Our program staff share tips for creating effective shelter outside

While cabins and tents offer certain comforts, sleeping under a tarp offers a unique opportunity to be protected from the elements without being removed from them.

Tarps offer flexible and low-impact options to set up camp, and with a few considerations kept in mind the set ups can be tailored to almost any environment. Power To Be uses tarps to create shelter for activities such as cooking, program facilitation and shelter from the elements during the day, as well as to create shelter for sleeping.

Our Wilderness School youth learn these skills to create the shelters they will use throughout their time with Power To Be, including during 24-hour solo experiences. Being comfortable under a tarp for any length of time comes down to good set up, and the ability to adjust as the needs of the weather or group shift.

Anatomy of a tarp

Centre line

This is like the roof of you house and can be used to create an A-frame shape that is good for water drainage away from you and your gear.

Guy lines

These are the ropes that come off the various grommets and loops on your tarp to create tension and tailor the angles of your space.

Tie-out points

These are the anchors that keep your tarp where you need it to be, and can be attached to trees, rocks, stakes and other materials.

Setting up your shelter is the first thing you should do after arriving at your destination, and the location you choose should be based on the camping triangle that takes into account the location of your sleeping, food and bathroom areas. Aim to have at least 100 metres between each area and keep your food and bathroom areas downwind from where you will rest your head.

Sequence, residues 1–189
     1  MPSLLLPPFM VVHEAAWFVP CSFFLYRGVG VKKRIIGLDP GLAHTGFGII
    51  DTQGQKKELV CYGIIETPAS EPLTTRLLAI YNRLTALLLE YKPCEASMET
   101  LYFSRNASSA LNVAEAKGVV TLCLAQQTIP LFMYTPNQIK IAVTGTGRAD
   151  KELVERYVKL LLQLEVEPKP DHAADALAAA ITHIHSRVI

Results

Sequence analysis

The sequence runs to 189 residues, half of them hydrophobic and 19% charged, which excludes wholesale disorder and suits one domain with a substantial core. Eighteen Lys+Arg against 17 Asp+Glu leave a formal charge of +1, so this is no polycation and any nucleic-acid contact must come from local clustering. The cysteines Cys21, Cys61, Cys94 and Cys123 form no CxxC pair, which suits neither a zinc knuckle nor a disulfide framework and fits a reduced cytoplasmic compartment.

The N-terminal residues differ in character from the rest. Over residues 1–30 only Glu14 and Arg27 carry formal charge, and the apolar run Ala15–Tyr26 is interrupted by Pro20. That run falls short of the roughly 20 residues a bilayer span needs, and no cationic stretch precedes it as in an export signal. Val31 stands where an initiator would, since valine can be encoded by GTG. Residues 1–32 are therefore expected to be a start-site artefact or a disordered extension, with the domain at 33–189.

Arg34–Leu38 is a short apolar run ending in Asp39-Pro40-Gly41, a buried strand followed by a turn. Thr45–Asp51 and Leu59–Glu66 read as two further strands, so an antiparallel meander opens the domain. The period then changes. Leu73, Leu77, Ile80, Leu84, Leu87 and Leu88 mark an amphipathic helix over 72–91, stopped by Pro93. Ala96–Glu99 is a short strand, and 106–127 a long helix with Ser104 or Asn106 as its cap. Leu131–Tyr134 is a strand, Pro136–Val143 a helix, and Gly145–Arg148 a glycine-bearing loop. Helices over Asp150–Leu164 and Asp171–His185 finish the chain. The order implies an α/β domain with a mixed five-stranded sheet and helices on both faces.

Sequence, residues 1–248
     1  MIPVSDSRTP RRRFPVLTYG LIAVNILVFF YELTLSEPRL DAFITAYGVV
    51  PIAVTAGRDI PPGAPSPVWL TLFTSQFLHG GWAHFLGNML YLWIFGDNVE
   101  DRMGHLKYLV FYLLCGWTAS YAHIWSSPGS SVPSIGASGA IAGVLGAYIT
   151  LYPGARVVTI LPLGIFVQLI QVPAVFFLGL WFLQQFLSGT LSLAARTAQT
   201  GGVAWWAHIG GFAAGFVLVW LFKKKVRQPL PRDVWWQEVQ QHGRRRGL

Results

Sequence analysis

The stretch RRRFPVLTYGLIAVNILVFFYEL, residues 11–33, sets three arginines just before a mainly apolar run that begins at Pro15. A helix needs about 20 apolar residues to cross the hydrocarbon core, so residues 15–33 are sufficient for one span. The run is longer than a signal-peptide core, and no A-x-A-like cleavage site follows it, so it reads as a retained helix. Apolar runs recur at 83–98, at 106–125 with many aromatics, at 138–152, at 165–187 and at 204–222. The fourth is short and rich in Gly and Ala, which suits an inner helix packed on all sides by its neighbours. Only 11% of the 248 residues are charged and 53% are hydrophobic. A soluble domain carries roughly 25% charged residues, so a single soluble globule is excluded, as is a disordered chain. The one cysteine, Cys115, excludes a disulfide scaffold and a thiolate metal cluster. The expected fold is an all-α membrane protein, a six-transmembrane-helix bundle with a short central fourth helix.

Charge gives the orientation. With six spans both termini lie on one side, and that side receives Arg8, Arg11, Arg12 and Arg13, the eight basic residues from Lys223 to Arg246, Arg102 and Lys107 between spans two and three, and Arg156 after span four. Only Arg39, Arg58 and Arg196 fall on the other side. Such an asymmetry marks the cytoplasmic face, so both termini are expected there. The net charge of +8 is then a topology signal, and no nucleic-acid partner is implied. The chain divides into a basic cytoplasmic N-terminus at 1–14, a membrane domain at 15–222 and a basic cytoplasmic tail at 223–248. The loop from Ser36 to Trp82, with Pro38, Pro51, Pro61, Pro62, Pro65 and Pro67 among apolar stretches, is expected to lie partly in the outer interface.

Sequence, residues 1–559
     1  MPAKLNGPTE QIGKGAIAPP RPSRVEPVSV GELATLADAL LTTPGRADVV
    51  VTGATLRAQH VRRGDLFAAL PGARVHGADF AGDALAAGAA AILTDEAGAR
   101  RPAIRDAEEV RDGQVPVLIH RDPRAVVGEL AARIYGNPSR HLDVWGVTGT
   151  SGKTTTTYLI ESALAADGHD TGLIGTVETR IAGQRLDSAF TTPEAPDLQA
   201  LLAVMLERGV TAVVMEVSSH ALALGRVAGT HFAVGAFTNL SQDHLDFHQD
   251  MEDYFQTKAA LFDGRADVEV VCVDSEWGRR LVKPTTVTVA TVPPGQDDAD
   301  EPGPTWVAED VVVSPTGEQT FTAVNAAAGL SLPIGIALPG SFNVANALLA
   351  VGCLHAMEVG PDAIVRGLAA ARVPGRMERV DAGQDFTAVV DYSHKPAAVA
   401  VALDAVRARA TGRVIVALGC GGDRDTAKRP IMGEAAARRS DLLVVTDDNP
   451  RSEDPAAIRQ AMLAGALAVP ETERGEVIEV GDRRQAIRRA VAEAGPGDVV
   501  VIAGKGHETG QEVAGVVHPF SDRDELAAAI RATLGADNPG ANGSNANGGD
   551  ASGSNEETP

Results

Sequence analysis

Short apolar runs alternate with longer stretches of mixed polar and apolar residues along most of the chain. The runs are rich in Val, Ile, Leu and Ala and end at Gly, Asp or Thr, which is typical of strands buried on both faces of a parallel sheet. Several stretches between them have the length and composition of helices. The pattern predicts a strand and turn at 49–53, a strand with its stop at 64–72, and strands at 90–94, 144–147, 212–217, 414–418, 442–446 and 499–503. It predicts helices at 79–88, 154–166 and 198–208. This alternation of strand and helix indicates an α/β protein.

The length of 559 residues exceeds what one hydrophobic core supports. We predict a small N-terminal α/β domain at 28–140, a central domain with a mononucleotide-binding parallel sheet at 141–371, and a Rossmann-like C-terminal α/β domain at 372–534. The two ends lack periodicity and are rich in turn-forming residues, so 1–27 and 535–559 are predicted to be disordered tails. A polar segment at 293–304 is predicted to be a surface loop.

Tarp tips

Know your environment

Weather is a key factor in successful tarp set ups. Keeping an eye on the forecast for rain, wind or other conditions will help you pick the best location for your set up. Be sure to assess where you can have the least impact on the natural environment while still being able to create a safe shelter.

When in doubt about picking your location, ask yourself if your preferred spot is about safety or scenery. The best view of the lake can also be the windiest!

Know your activity

When cooking under cover, be sure to create enough space for your stove or fire to function safety beneath it. You want to ensure there is another space for heat to dissipate and enough ventilation to allow fumes to disperse.

When sleeping under a tarp, knowing what is around you is important. Are there any tree branches that could fall in the wind? Does the ground beneath you have good drainage or are you in a dip that may collect rain water run off? Considering the whole environment can be the difference between a good night’s sleep and a wet one.

Know your knots

We teach our participants how to tie bowline, directional slip and truckers hitch knots among others. Options for which knot to use comes down to personal preference and the environment you are in. Whichever knot you choose, practice before your adventure to ensure you can tie and untie the lines with ease. Leave No Trace principles require all rope and materials to be packed out with you when you go. Remember to mindful of what you tie onto, so you don’t damage plant life.

Know before you go

Be sure to check current weather and trail conditions, and any specific information for the location you are exploring. Prepare to adventure safely with these tips from AdventureSmart and practice Leave No Trace principles.